A couple of news stories that seem entirely unrelated caught my eye in the last day or so. In one of its increasingly-frequent moments of press-release-publishing vacuity, breakingnews.ie reports that... well, just read the headline.
It's nonsense, of course. The very words 'online survey' are enough to confirm that. The only distressing part of the story is that it seems that 67% of respondents took it seriously. But why is it nonsense? Why shouldn't we treat it seriously? The country has a long history of believing such things. In fact, in the introduction to his Book of Fairy and Folk Tales of the Irish Peasantry published a little over a hundred years ago, WB Yeats recounts his asking a Sligo man if he believed in fairies. "Sure, amn't I annoyed with them", was the answer.
Even today, such beliefs still exist, but for most people the belief is in a magic man who lived two thousand years ago rather than wee folk sitting on pots of gold. There is some hope, though.
The BBC is reporting that Ireland is one of nine countries in which religion will in time become extinct. One's first thought is, of course, that in time it should become extinct everywhere; we can only assume that they mean the relatively near future. Reading the paper they cited (pdf) was to a certain extent futile for one as lacking in erudition as I, but I was able to glean a certain amount from it; enough that I think they were being optimistic, but not overly so. Furthermore, in the specific case of Ireland, there are also other reasons for thinking that it might be a distinct possibility.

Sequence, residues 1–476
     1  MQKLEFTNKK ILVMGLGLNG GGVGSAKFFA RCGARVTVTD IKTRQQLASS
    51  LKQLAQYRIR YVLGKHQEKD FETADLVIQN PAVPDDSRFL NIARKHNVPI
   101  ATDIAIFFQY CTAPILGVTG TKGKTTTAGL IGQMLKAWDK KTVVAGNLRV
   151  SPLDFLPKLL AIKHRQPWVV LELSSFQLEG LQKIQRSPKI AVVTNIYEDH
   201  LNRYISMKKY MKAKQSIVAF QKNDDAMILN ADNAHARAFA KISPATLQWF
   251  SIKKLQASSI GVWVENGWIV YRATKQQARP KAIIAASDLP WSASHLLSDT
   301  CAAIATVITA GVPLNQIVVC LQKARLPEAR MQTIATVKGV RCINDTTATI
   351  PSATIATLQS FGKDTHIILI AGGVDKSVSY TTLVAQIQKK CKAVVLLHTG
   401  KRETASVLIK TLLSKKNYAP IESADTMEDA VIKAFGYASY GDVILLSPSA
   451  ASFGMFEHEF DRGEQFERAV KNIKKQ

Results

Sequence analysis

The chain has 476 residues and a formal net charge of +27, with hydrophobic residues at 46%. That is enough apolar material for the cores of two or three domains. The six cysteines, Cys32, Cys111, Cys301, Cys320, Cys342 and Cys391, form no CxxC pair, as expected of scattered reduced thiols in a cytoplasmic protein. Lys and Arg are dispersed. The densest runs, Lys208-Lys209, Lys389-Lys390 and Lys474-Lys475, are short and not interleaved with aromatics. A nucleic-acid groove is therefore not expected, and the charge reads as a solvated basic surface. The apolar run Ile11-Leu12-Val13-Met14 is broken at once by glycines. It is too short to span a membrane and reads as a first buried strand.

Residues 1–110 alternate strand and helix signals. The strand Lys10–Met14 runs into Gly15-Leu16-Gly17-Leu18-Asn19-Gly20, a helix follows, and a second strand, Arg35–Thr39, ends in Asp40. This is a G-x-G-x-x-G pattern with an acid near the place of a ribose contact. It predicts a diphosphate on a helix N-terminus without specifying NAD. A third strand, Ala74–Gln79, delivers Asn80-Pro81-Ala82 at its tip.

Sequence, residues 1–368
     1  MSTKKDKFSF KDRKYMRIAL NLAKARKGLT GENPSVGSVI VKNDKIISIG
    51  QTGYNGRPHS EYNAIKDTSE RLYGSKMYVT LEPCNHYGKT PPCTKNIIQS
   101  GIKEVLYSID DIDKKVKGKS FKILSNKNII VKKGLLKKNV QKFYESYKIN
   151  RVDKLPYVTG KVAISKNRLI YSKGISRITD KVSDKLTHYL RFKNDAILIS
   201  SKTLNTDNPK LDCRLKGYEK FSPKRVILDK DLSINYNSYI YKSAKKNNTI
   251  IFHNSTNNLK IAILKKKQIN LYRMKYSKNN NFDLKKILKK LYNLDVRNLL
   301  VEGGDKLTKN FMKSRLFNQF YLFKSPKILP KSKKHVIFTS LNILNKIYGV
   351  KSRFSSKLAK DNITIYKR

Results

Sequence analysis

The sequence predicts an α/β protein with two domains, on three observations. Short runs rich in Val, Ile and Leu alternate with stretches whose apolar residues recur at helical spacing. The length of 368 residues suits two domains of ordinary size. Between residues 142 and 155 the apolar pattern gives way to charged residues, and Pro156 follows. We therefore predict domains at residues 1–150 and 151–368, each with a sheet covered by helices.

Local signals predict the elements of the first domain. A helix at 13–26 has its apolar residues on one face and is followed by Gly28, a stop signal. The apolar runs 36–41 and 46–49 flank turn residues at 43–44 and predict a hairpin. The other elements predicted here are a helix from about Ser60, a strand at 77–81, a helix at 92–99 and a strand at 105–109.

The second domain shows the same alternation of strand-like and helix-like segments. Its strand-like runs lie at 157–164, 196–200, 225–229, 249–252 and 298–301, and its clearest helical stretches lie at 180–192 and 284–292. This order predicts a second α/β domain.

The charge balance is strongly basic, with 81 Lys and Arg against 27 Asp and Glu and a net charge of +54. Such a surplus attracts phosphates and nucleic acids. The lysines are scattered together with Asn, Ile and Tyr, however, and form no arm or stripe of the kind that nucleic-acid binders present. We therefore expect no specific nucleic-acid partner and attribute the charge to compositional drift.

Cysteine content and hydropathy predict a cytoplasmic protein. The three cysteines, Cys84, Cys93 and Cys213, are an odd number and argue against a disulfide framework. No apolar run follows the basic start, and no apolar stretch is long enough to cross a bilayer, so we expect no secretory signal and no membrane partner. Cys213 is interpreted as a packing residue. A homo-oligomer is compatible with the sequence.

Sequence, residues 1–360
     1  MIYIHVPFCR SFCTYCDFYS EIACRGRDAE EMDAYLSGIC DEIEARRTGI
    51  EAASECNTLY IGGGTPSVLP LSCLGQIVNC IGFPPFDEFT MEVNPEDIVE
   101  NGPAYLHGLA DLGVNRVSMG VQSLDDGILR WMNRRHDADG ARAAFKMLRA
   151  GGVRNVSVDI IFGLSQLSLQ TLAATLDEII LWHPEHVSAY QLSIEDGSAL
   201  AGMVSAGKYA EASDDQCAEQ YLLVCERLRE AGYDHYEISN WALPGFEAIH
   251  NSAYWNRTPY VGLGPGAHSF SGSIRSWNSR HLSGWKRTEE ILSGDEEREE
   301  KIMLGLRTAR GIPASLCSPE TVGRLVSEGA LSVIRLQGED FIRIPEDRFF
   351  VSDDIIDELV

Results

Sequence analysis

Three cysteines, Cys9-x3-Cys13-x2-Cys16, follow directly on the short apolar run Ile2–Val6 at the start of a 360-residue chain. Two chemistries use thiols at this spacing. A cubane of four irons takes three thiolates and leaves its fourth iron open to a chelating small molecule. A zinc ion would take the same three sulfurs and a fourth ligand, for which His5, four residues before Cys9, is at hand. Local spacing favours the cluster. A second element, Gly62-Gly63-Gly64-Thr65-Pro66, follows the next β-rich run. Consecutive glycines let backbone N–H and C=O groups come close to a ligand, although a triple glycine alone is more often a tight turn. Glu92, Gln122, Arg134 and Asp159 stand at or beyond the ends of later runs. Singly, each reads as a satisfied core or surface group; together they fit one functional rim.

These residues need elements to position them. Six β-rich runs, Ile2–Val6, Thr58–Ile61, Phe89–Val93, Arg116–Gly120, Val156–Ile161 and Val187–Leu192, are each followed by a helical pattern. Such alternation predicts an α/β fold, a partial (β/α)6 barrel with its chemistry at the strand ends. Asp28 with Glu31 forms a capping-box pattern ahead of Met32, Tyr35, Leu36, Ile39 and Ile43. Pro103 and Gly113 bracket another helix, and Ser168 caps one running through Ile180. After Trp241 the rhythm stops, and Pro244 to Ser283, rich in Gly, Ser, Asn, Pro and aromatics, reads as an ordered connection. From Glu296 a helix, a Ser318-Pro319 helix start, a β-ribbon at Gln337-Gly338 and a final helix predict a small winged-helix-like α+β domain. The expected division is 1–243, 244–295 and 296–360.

There's no doubt that the church has always been in a powerful position in Ireland, but it was really only with the advent of the Free State that they were directly able to affect policy (one thinks immediately of Dev and his relationship with Archbishop John Charles McQuaid). And although their behind-the-scenes power gradually decreased, it's really only since the turn of the millennium that they've seen their temporal -- not to mention moral -- authority diminish significantly.
And now we find ourselves in a position where Fianna Fáil, a party that's corrupt to its core, yet one that has ruled more or less continuously since the days of De Valera, has been eviscerated. Curiously, this was only peripherally related to their pernicious greed, and more to do with their staggering incompetence.
Could the church suffer a similar fate? It certainly deserves to. As more and more details of their atrocities come out, it becomes more and more obvious that any hand-wringing or mealy-mouthed apologies are intended only to save the church's position (or 'special position', as the constitution had it until 1972). If the details hadn't become so public via the church's many victims, would it have volunteered them? The can hardly be a single individual in the state who thinks it would.
And so, coupled with the appetite for change (genuine change, and not the vacuous change espoused by the former opposition), there's the distinct possibility that the rate of abandonment will accelerate. The generation currently in school could well be the last to grow up in a state where the church controls most primary and secondary education, where the church is seen as an arbiter of morality rather than a malevolent organisation dedicated to the protection of rapists, where the prevailing thought is "suffer little children to come unto me" rather than simply "suffer, little children".
All this is cold comfort, of course, to the church's thousands of victims. Enlightenment was always going to come at a price, but it's unlikely that even the most pessimistic expected it to be this high.